The journey from “What do you want here?” to “How may I serve you?” could not possibly be measured in distance or time since it is all in the mind and might take light years or happen in an instant. But that is precisely the mindset that the civil service is set to adopt to cope with the demands of the future.

This change of the mindset begins with the gradual deconstruction of the age old image of the typical ‘risk averse’ bureaucrat. The image must have stemmed from their reluctance about anything that had not been tried and tested. But today’s bureaucrats are being told that ‘Failure is OK’.

Senior policymakers as well as heads of civil service are using this slogan to encourage service innovation. It is not possible to innovate without taking risks. But a rule-based procedure is so entrenched in the bureaucracy as to make it synonymous with the undue and unwarranted formality also known as ‘red tape’. Moreover, a government burdened with a colonial past finds itself all the more obsessed with a rule based mode of work.

But bringing about this change that radically contrasts with the prevailing mode of operation is not easily done. It is difficult to transform a system originally designed to rule, into one that is friendly and looks to serve. Fundamental changes have to be made in terms of rules, regulations, practices, nature of training and philosophy. But while that radical transformation may not be possible, the administration could certainly be nudged and pushed along that path. As always such changes need individuals who blaze the trail, which is why innovators in the bureaucracy and government are being encouraged to take risks. Regardless of their magnitude, enterprising officials had to take risks to get their innovations tested and operational on the ground. It holds true for every single case where citizens’ life has been made simpler. In all cases, there has been a fundamental change in the mindset of the innovators themselves. In some cases, the innovator has had to go beyond the custom. Many have had to ruffle the wrong feather and incur the wrath of superiors. At times, they have even broken the rules. And only after so much trouble have they succeeded in truly serving the citizen, either by bringing the service closer, or by making it cheaper or more readily available.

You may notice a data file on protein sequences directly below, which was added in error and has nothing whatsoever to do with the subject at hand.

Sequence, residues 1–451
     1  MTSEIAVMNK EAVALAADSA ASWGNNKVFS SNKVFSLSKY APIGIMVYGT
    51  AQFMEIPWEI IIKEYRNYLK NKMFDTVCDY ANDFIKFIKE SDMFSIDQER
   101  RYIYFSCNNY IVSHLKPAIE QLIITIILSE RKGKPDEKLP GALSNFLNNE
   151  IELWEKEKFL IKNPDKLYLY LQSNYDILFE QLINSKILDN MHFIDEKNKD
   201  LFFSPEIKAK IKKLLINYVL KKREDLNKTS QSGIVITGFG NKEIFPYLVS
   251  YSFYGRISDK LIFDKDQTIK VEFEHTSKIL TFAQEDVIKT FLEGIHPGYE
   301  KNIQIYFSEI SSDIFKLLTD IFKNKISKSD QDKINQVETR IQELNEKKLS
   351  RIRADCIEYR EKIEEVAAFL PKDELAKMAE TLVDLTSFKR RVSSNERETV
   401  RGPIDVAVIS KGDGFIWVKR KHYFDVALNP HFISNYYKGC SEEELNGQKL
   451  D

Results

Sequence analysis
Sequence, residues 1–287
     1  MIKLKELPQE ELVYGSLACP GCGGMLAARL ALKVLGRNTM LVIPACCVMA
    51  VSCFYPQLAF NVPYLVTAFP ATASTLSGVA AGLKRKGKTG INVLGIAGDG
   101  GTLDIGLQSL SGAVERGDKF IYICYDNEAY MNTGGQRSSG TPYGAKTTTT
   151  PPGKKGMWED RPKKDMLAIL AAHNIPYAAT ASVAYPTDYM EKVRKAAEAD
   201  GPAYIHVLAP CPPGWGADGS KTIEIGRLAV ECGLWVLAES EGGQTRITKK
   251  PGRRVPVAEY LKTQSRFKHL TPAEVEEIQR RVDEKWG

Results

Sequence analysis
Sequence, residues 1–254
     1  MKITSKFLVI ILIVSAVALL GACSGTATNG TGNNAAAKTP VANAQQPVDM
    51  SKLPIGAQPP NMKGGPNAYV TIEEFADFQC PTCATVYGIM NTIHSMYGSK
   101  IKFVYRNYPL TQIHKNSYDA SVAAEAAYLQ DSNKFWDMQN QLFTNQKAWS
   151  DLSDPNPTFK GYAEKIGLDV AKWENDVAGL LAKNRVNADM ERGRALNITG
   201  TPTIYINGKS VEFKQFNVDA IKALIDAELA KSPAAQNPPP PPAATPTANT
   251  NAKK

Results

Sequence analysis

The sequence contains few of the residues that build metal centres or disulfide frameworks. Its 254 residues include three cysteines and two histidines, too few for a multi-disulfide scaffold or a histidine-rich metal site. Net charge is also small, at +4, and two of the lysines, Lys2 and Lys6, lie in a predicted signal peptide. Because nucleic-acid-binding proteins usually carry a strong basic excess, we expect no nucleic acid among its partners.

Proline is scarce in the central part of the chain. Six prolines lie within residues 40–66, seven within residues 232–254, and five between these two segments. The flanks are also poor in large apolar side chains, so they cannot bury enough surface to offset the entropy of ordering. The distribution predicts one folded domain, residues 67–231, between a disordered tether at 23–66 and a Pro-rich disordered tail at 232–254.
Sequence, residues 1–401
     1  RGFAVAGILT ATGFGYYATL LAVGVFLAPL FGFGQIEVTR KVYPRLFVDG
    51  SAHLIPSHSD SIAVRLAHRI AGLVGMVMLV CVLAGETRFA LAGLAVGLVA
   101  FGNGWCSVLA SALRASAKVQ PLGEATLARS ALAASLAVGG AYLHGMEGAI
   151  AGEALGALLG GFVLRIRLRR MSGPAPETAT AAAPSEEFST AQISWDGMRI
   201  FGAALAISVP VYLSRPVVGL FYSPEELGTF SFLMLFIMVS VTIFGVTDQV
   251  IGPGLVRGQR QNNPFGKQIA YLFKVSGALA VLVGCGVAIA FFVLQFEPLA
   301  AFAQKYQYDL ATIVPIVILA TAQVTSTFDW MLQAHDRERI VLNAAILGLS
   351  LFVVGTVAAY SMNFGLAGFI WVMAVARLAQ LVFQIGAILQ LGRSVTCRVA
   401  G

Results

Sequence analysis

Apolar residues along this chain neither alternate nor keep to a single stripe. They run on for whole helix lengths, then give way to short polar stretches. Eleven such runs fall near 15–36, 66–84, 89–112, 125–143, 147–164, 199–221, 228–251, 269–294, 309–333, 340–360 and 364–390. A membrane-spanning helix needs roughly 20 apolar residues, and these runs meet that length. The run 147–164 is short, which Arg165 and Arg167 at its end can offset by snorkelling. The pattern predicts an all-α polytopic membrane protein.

With those successes in front of us as glittering examples, we are witnessing the emergence of a culture of risk-taking. Although not so visible at central level at the ministries, it is spreading like wildfire in the field administration.


At present, more than 500 projects are running on the ground with resources mobilised by the innovators themselves. While in agriculture, innovators are keen to provide farmers with fast and accurate solution to their problems, another group is engrossed in trying to rid the database system of corruption or irregularity as far as land management is concerned. Some others are trying to incorporate a system that prioritises access to improved healthcare for the underprivileged. In youth skills training, they are trying to customise the curriculum so that it corresponds with market demand. Regardless of the project, each has one eventual goal — to reduce time and money for the citizens.

The other change in the mindset is to bring down the bureaucrat from their thrones to fill the shoes of the servant. This is another challenging task, and as difficult as getting bureaucrats to take risks, if not more. Having inherited the traditions of a predatory colonial bureaucracy that hardly looked out for the welfare of the sovereign citizen, today’s bureaucrats regard themselves as the ruler rather than the servant that they really are.

Hence “Behave like a servant, not a ruler,” is a message handed down from the top. To make sure that this message is not just eyewash, genuine implementation is in fact monitored by the Cabinet Division and the Prime Minister’s Office.

Once again, the government seems to be learning from what it is preaching when it decided such a transition in the prevailing mindset will not be attained with enforcement only. Hence there is also encouragement and incentives. Only recently, and for the very first time, best performance along these lines were recognised as 2 officers, 2 teams and 2 organisations were given the Public Administration Award.

Moreover, stories of innovation, stories of better service have become the factors of pride and are showcased as successes, which in turn encourage others to take up where their predecessors have left off. Given this fertile environment, well-meaning enthusiasm and a desire to do good will eventually overtake the stiff reluctance of the typically risk averse bureaucracy.